Metformin or thiazolidinedione therapy in PCOS?

    February 2011 in “Nature Reviews Endocrinology
    Anjali Grover, Maria A. Yialamas
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    TLDR Metformin and thiazolidinediones are similarly effective for PCOS, but metformin is often preferred due to fewer side effects.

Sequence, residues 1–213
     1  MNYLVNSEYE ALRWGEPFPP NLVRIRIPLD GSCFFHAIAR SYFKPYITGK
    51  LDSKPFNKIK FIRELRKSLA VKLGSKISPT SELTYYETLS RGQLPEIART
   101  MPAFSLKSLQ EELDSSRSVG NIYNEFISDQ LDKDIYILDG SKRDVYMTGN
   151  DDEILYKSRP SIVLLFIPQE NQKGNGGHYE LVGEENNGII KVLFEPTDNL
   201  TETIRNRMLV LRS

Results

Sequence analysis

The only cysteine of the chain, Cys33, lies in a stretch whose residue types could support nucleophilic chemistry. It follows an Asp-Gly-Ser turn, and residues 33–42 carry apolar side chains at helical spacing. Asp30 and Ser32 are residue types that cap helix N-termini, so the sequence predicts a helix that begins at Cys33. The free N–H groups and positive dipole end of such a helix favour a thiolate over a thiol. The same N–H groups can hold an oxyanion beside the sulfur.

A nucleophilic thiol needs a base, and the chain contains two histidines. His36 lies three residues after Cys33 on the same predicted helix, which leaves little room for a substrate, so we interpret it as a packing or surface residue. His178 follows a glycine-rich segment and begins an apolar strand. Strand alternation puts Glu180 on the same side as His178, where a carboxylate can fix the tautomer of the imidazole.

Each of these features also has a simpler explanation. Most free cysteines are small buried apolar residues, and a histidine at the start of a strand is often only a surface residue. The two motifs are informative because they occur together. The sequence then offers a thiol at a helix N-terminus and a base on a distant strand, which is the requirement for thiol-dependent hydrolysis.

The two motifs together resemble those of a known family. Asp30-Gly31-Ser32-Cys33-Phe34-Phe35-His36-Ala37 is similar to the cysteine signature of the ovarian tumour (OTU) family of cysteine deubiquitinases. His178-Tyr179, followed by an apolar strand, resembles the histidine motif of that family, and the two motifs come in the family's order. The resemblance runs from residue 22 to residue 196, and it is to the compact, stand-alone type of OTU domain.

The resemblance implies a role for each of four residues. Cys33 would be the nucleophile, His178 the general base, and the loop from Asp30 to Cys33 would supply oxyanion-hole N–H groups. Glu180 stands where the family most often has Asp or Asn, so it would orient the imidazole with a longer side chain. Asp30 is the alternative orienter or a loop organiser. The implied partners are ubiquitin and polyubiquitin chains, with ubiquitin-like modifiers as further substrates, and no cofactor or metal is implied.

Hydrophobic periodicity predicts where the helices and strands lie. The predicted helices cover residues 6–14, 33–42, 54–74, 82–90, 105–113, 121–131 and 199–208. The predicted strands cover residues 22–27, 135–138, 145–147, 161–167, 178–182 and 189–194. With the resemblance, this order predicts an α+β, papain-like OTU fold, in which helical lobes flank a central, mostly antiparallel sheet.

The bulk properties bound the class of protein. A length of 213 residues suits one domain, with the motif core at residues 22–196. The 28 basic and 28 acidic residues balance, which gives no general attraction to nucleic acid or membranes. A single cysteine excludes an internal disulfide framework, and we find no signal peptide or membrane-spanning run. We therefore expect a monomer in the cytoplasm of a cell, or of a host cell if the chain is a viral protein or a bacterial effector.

The document reviewed the effectiveness of metformin and thiazolidinediones in treating polycystic ovary syndrome (PCOS), focusing on insulin resistance. A meta-analysis of 10 randomized clinical trials showed no overall superiority between the drug classes. Thiazolidinediones were better at reducing free testosterone and DHEAS at 3 months, but not at 6 months, while metformin was more effective in lowering triglyceride levels and BMI after 6 months. There were no significant differences in ovulation, pregnancy rates, insulin sensitivity, or other lipid levels. Metformin is generally preferred due to fewer adverse effects, although it can cause gastrointestinal issues and rare lactic acidosis. Thiazolidinediones have been linked to cardiovascular risks, weight gain, liver toxicity, and potential fetal harm. Treatment choice should be personalized, with metformin being a good option for obese patients seeking fertility treatment, considering individual therapeutic goals and side effect profiles.
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